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Furthermore, when Biden assumes office, there might not be a whole lot he can do to influence DeJoy and the direction of USPS. “The system is somewhat designed for this. The Postal Service is supposed to be immune from political pressures, or at least daily political pressures,” said Paul Steidler, a senior fellow at the Lexington Institute. One tool the new administration might be able to use, though, is the Treasury Department’s discretion in extending credit to the USPS. “The Treasury secretary does have some leverage over the postmaster general and over Postal Service operations,” Steidler said.

DeJoy will continue to face lawsuits that activists have brought against him and USPS. Some of these lawsuits were narrowly focused on the agency’s performance during the election and may wrap up soon, while others take a more expansive look at USPS’ overall operations since DeJoy came to power. “Paying your bills, getting your medication, there’s a lot of important mail other than election mail,” said Allison Zieve, an attorney representing the NAACP in a federal case against USPS in D.C. “If they continue to slow down the mail for whatever reason, it’s just a huge problem for a lot of people.” There are concerns, though, that USPS will escape the level of scrutiny it’s faced over the last few months now that the election is over and Trump is on his way out. “There is a lot of fear in the union community that as soon as the administration transitions, their issues are not going to be sexy anymore. And they’re right—they should be afraid of that,” said J. Remy Green, an attorney representing a group of voters suing USPS in New York. “Without the high-profile nature of the election, I think a lot of the legal support that is there is going to dry up.”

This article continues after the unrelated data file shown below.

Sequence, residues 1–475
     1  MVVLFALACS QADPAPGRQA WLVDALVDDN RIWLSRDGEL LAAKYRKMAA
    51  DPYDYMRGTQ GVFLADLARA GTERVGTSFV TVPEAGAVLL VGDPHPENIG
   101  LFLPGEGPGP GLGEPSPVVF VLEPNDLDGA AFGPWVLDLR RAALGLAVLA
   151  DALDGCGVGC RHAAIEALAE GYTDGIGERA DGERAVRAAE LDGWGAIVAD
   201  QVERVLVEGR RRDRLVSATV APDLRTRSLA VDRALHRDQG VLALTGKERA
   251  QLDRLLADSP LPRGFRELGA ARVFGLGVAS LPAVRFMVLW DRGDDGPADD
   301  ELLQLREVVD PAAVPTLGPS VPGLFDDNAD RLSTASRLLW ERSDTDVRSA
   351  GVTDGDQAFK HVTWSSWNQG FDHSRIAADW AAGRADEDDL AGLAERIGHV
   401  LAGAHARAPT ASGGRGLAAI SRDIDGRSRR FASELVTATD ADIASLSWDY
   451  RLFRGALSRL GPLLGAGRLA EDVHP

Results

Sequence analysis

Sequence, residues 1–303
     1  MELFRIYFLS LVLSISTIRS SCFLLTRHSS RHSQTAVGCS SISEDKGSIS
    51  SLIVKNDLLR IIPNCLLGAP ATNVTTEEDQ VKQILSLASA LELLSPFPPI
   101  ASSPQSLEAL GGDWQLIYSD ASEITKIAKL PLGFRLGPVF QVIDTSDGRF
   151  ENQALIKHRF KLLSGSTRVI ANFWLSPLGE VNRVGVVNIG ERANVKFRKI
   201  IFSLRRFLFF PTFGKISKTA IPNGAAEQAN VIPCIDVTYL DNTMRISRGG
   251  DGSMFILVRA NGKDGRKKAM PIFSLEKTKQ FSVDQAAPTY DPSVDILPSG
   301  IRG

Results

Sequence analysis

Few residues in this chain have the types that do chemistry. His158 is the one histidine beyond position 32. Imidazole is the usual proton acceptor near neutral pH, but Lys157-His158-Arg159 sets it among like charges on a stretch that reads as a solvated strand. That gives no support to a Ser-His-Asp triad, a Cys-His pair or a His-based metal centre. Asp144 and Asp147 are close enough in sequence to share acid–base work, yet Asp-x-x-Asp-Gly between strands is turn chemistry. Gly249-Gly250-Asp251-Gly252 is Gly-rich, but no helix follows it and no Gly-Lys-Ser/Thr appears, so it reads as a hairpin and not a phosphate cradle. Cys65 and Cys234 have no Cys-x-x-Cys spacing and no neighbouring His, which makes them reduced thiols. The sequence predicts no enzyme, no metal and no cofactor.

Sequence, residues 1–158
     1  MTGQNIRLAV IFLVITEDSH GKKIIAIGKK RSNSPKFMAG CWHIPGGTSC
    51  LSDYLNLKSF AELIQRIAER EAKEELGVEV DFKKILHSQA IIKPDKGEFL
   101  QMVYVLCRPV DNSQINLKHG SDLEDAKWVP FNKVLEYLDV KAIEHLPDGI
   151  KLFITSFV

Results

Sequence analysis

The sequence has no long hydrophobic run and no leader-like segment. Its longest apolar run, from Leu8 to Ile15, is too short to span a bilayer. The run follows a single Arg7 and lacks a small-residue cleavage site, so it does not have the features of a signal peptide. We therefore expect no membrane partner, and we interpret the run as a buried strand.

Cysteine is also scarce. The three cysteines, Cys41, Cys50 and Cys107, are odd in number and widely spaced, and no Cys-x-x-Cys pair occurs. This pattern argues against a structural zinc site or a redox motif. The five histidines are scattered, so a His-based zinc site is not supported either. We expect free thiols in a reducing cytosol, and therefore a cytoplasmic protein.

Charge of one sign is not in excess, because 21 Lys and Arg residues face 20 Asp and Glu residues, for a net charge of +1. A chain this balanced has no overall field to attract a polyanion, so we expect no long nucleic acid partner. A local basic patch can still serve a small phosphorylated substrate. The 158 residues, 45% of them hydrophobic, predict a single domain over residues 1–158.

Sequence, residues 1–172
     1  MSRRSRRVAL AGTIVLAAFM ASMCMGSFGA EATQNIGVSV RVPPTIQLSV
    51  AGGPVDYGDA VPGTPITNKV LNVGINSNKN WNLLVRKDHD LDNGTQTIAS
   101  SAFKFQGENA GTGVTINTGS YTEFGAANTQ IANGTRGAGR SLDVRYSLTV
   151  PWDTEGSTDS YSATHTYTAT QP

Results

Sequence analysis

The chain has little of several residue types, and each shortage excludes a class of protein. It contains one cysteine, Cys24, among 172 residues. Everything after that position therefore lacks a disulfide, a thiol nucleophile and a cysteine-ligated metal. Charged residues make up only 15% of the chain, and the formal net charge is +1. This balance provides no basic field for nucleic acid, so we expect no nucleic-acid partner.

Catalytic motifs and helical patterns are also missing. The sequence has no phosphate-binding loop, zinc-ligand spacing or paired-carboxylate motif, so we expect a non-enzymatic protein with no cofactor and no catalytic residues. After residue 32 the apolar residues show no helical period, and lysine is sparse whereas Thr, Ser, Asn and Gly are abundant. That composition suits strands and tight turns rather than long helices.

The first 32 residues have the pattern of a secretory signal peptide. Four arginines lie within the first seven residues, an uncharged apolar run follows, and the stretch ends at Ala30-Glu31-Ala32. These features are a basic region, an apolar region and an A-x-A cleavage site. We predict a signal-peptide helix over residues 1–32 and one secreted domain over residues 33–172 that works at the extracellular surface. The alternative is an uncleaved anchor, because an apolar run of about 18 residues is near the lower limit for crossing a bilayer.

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Steidler contends that it might be wiser for Democrats to reconcile with DeJoy in order to pass much-needed reforms at USPS like integrating workers’ retiree health benefits into Medicare, expanding the vehicle fleet, and eliminating pension prefunding requirements that have financially constrained the agency. USPS has notably appealed a number of court orders blocking DeJoy’s cost-cutting measures. But Steidler doesn’t think that DeJoy will try to reinstate all of the changes he initially implemented at USPS during the summer, which included overtime cuts. “That’s just a nonstarter. That would be a disaster politically for him to go there,” said Steidler. “You still have Democrats in control of the House, and they’d call him up [for a hearing] the next day if he attempted to do that again.” Remember how that went?